A blog of my digital camera exploits

Tuesday, May 24, 2011

Madrid Williams Media

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I'm excited to announce that I have joined forces with a fantastic editor and digital cinema enthusiast, Jonathan Madrid. To take our work to a more professional level, we have started our own media company, called Madrid Williams Media. I built the logo and the website.

If you are in the Colorado Springs area and looking for affordable, profesional video production then drop us a line at www.MadridWilliamsMedia.com

Monday, May 9, 2011

Headlight Art

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Glowing Flower
One of my favorite things to do on a long car ride, while someone else is driving of course, is to take long exposures of the street lights and headlights around me. By doing long exposures, anywhere between 10 and 30 seconds, and moving the camera around and adjusting focus, I can get some great looking abstract photos.
I hope you enjoy these photos that I took Saturday night on the ride back from my brother Jeremiah's graduation party. Congratulations to him for graduating from CU- Boulder!

--Click to view full size--
light wall
Streetlight River
Bright Hook
Bright Basket
Neon Highway

Thursday, May 5, 2011

Using the "Sunny 16" rule to plan a shoot.

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Tomorrow my older brother is graduating college, and I want to be able to capture photos of him getting his diploma so I went to grab my longest lenses, one is 500mm prime and the other is a 70-300mm zoom. As not to look like the awkward photographer, I decided to just take one. But which one?

The 500mm prime has a much sharper image and longer length, but it only opens to f/8 whereas the zoom opens to f/4, two whole stops. I decided to take the 500mm as long as I could get enough light.

The "Sunny 16" rule states that on a day with direct sunlight, set the f-stop to 16 and the shutter speed to reciprocal of the ISO. There is another rule that states, don't ever shoot at a shutter speed less than your focal length.

Knowing all of this I know ill set my f-stop to f/16, my shutter speed to 1/500s and my ISO to 500. With these settings I know I can get a properly exposed shot that's not gonna be blurry and not too noisy (I know photos look good up to 800 ISO and I can get away with 1600 ISO).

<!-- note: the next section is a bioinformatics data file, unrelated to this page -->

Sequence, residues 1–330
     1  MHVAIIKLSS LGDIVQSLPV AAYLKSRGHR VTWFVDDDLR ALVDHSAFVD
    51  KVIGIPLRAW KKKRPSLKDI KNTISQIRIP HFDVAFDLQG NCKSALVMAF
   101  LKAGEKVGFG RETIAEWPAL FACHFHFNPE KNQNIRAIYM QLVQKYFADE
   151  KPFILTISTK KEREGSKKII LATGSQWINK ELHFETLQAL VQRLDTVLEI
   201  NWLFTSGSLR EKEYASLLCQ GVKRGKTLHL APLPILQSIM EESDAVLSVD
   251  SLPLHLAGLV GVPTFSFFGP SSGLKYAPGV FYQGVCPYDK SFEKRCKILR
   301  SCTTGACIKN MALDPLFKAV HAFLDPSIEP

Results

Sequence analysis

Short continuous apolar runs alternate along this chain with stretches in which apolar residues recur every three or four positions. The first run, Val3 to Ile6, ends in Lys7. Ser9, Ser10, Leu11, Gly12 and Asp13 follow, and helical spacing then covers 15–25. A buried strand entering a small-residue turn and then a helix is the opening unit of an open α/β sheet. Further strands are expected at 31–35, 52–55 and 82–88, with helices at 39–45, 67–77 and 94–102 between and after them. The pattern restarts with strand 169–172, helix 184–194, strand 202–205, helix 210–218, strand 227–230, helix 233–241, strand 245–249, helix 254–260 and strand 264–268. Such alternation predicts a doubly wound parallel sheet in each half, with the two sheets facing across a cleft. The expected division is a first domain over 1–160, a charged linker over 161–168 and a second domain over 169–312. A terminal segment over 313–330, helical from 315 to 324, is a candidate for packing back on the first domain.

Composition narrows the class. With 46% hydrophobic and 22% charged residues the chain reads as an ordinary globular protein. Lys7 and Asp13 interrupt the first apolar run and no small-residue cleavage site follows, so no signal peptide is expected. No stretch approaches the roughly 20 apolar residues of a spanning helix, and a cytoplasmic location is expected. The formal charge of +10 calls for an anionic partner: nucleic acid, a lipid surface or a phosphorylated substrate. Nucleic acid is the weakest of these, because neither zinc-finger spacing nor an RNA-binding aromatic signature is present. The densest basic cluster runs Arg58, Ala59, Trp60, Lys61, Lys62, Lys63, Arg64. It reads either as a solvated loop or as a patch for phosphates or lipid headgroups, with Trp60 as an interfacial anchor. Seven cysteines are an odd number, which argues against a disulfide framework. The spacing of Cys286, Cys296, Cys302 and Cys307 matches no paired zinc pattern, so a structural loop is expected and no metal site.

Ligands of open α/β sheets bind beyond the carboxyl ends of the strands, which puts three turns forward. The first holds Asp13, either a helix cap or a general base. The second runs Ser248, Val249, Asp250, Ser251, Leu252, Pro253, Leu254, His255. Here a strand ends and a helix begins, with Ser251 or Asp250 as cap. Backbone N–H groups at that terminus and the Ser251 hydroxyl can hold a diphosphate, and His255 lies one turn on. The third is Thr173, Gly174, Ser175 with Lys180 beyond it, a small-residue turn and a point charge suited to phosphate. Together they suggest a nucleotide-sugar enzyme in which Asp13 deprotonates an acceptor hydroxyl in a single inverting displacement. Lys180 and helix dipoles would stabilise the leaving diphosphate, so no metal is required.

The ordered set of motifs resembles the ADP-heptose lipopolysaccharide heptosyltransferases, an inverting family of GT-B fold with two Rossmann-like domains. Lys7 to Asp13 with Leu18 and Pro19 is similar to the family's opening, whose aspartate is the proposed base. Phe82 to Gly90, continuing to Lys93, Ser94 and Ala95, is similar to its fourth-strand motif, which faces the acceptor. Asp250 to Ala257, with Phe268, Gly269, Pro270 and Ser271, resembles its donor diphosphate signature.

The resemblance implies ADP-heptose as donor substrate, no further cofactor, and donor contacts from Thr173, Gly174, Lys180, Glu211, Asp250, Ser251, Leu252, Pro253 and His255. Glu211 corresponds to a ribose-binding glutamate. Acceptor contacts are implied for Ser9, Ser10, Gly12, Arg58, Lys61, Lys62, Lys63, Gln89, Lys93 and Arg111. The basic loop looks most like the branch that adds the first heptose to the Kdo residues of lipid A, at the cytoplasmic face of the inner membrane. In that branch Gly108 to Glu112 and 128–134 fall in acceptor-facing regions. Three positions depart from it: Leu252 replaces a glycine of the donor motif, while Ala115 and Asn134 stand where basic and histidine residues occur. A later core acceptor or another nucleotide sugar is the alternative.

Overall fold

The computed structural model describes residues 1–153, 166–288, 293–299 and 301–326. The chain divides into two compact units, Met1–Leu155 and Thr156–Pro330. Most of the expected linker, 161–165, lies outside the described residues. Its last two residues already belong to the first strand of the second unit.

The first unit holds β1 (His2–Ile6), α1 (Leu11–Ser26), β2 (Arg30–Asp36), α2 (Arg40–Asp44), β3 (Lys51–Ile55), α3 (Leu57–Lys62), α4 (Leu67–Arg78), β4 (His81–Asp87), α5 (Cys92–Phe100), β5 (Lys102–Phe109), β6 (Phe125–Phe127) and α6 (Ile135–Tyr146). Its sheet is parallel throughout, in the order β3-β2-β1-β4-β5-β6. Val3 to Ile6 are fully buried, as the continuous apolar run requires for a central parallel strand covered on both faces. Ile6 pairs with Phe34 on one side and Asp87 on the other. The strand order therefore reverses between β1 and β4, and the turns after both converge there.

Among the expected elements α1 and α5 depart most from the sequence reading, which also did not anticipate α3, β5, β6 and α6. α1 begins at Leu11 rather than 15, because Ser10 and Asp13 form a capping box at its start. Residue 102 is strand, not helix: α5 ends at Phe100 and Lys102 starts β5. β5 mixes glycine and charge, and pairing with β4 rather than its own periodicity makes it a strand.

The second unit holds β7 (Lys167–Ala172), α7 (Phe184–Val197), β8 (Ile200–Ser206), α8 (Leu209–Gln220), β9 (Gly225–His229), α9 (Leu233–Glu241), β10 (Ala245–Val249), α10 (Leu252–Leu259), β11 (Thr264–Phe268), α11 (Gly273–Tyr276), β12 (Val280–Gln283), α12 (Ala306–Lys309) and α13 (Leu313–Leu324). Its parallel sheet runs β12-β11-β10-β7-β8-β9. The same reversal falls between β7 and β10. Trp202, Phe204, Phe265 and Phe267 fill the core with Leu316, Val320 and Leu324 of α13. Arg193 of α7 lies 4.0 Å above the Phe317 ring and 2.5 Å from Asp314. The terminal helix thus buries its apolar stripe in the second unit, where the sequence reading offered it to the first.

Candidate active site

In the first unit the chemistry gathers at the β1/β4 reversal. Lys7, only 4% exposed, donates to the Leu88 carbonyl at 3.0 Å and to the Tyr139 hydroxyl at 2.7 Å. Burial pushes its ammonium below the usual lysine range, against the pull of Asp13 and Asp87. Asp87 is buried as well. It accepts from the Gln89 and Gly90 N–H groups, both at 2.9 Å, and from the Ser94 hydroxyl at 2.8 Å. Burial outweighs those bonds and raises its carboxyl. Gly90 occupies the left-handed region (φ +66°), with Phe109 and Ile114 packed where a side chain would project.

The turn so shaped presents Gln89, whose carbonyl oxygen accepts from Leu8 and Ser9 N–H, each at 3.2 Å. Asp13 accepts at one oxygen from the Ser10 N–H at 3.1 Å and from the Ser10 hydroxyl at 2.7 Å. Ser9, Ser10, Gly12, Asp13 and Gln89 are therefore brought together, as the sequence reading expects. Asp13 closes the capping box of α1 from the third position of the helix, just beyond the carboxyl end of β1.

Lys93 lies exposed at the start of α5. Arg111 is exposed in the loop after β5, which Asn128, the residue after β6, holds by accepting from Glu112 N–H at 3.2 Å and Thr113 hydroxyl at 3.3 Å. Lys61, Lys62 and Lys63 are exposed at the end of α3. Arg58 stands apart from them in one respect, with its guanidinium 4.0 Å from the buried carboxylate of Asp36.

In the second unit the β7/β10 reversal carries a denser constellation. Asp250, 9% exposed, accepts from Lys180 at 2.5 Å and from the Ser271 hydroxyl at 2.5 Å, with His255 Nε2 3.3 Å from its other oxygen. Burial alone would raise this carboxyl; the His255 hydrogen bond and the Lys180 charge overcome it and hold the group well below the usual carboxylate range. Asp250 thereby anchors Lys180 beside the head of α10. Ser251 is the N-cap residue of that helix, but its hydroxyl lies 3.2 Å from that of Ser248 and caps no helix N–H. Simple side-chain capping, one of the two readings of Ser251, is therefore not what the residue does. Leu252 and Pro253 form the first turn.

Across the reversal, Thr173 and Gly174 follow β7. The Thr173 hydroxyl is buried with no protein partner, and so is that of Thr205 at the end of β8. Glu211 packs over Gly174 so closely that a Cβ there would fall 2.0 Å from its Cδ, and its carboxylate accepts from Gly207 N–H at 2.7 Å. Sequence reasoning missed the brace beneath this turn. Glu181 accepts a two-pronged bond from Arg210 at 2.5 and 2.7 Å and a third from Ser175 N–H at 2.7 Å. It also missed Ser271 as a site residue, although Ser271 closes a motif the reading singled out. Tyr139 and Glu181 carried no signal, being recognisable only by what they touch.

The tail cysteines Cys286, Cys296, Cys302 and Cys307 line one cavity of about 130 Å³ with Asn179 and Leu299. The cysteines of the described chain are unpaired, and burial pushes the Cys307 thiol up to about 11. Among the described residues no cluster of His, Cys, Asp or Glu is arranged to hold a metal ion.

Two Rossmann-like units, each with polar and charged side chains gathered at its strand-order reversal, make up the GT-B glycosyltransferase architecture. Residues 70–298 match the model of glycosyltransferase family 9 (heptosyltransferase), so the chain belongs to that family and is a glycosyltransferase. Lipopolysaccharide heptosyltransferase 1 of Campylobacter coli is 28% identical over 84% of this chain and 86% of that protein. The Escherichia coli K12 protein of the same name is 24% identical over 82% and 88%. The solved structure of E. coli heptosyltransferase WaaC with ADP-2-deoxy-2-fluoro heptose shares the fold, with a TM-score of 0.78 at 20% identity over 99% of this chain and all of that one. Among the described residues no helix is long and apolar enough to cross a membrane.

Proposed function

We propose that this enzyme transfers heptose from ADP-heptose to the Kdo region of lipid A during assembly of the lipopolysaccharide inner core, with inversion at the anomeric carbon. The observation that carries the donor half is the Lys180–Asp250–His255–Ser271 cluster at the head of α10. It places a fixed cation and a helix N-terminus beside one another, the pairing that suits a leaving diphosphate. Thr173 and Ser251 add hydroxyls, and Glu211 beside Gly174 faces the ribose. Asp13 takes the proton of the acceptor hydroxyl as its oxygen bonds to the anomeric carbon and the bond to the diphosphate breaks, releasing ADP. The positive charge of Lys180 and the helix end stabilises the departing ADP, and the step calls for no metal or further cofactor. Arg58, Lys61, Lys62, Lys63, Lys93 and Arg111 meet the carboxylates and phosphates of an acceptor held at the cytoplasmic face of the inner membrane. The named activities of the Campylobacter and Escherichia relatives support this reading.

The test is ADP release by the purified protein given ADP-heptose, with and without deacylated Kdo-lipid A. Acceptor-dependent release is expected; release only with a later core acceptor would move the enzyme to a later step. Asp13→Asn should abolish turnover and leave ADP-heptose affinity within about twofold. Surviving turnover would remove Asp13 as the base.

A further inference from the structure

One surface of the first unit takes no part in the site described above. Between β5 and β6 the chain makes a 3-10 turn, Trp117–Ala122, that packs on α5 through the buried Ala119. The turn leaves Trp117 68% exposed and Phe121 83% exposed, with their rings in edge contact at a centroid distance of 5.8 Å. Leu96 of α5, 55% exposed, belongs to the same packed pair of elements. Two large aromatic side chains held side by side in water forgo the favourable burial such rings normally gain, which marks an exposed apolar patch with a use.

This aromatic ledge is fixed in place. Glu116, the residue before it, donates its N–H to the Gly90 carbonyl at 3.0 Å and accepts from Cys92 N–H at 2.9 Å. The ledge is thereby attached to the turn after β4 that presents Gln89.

But what if I want a lower ISO for a cleaner picture? Well since the minimum f-stop of the less is f/8, I know I can, but how much more?

All I have to do is know stops. Stops are units of exposure which you can translate into any of your three exposure options. To add or subtract a stop from ISO simply double or half it, and the opposite is true for shutter speed. To do the same for f-stop, its 2 stops for each time you double or half it.

So going from f/16 to f/8 is two stops, and knowing ill stay at 1/500s, I can half my ISO twice, giving me 125. Which means ill be able to get a low ISO shot if I want.

Needless to say I packed the 500mm prime and will be taking pictures in the morning.

Tuesday, May 3, 2011

Using Technicolor's LUT file WITH LUT Buddy

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--Update: Technicolor took town the LUT file and replaced it with a .mga file. This should work just the same in LUT buddy without the "changing Pattern" workaround.--
Yesterday I covered how to use a LUT file without any plugins, but was informed that some editors don't have support for custom curves. So I downloaded a trial of Premiere, since I don't have a Mac, I cant test Final Cut, and fiddled around with LUT Buddy till it worked. The secret? Upload your LUT file in setup, then change the "Action" to "Draw Pattern", then the "Pattern" to "3D 64", and then the "Action" back to "Apply LUT". And that's it!

Here is my quick video tutorial showing how to do it in Premiere, but hopefully it works the same in Final Cut:

The only change I would make is putting the LUT file somewhere in the Adobe directory, or other location you know will continue to be around, instead of with the project files so it doesn't get deleted or lost when you move on to another project.

Monday, May 2, 2011

Using Technicolor's LUT file without a LUT plugin

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Using the LUT file provided with Technicolor's CineStyle picture profile is essential, but some editors, including Sony Vegas, don't have a plugin for LUT files.
Here is a video tutorial that I made explaining how to use the LUT file without a plugin.

This is the graph of the curve defined by the LUT file. Reproducing this replaces the need for a LUT plugin.
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And don't forget to save it as a preset for later use.

Here is the image before and after the LUT defined s-curve. Click for full size.
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